• "Please know that we are the first company to prevent identity theft from occurring."
  • "Do you ever worry about identity theft? If so, it's time you got to know LifeLock. We work to stop identity theft before it happens."
Sure, the fraud alerts on your credit report can do some good, but there are all sorts of ways identity theft can happen which aren't addressed by LifeLock's services. The FTC says the company's services do nothing to prevent common types of identity theft like misuse of existing accounts, medical identity theft, and employment identity theft. The FTC also says LifeLock was lying when it said that a customer would always get a phone call before a new credit account was opened in their name, and that it would constantly monitor activity on its customers' credit reports.

Guarantee Is a Million Dollar "Maybe"


One thing not addressed by the FTC is the LifeLock "million dollar guarantee," which is essentially worthless to consumers, in my opinion. If you take a look at the details of this "guarantee," you'll see that all it really guarantees is that LifeLock probably won't have to help you repair your credit if your identity is stolen. The company posts the guarantee here, but then you need to click through to get to the page with even more exclusions and limitations.

Read carefully this statement about LifeLock's guarantee: "But if you become a victim of identity theft while you are a LifeLock member because of some failure or defect in our service, contact us and we will act on your behalf to repair any damage. We will spend up to $1 million to hire lawyers, investigators, consultants and whatever else it takes to restore your name and help you recover the direct losses from the identity theft."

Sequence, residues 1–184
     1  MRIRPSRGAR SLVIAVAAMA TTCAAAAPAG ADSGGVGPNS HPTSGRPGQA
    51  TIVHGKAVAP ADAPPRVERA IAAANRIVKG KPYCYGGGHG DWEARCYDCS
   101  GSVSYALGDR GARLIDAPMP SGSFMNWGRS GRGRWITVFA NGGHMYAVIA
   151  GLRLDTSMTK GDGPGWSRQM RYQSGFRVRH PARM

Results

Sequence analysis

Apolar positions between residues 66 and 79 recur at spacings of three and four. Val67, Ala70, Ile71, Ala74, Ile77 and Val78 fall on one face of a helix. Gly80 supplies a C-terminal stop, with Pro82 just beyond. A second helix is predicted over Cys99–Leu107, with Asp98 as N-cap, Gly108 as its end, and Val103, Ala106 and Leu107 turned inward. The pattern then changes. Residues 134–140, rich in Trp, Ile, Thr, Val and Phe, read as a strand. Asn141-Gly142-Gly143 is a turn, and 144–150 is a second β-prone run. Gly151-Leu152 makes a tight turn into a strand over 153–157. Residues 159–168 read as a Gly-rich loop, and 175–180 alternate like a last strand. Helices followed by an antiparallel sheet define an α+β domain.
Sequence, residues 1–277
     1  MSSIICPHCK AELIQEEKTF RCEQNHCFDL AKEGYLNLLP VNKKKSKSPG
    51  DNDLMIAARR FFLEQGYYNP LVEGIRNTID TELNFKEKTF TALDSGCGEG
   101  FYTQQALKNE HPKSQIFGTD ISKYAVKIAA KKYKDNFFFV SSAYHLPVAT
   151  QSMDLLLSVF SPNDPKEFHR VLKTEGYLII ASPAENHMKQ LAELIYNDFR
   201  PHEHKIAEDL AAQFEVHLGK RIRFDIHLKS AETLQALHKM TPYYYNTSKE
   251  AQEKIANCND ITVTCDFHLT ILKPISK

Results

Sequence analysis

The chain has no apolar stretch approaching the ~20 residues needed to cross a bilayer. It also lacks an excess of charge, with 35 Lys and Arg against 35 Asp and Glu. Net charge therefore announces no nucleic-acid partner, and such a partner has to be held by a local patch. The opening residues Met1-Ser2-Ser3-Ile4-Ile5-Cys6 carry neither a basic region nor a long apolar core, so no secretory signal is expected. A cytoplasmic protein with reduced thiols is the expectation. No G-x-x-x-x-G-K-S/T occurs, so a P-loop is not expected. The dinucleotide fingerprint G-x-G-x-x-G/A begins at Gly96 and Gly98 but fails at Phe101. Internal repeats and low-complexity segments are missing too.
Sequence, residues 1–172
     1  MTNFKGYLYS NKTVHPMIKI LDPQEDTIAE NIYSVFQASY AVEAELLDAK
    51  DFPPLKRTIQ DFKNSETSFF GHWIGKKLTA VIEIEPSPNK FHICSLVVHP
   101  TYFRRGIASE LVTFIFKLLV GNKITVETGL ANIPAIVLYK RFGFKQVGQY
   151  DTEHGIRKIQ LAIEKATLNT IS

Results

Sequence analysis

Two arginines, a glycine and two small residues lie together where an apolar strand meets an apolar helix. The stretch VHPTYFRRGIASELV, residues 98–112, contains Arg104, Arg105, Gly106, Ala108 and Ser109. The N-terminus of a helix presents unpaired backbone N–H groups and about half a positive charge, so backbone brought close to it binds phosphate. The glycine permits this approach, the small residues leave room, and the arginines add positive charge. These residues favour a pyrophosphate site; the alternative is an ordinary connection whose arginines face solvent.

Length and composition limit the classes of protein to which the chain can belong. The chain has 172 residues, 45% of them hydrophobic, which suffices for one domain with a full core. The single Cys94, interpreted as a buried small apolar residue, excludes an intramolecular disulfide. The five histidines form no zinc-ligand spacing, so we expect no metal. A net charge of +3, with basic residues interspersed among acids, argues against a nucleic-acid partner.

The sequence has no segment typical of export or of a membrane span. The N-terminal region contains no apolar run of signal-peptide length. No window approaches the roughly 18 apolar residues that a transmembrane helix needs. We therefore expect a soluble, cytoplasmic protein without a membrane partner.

I've boldfaced the most damning portion: LifeLock is only obligated to help you if your identity is stolen because of a "defect in their service." Can you think of any situation which would qualify? What if someone steals your wallet? Steals your mail out of your mailbox? Steals your credit card number while you're paying for your meal at a restaurant? None of these situations has anything to do with LifeLock and its service of putting fraud alerts on your credit files. If you can think of a situation which would qualify as a "defect in its service," I'm all ears, but I haven't thought of one yet. And if it's not LifeLock's fault, LifeLock isn't going to help you.

You should also carefully note that in the terms and conditions, LifeLock says it will help you recover your costs and losses related to the fraud. However, they will not actually repay you for any losses, per the fine print. So even if LifeLock agrees to help you with your identity theft, they won't actually pay you any money. Their "million dollar guarantee" is only good to the extent that it may help pay others to investigate or help you correct your credit report. (And again, that's if they even agree that you qualify under their guarantee.)

All in all, I find almost no redeeming qualities in LifeLock as a company or as a service for consumers. The FTC had some harsh words for the company, and that's saying a lot. There are tons of scams and questionable schemes out there which the FTC never gets around to looking at. They took their time on this one, and consumers ought to heed their warnings about the company.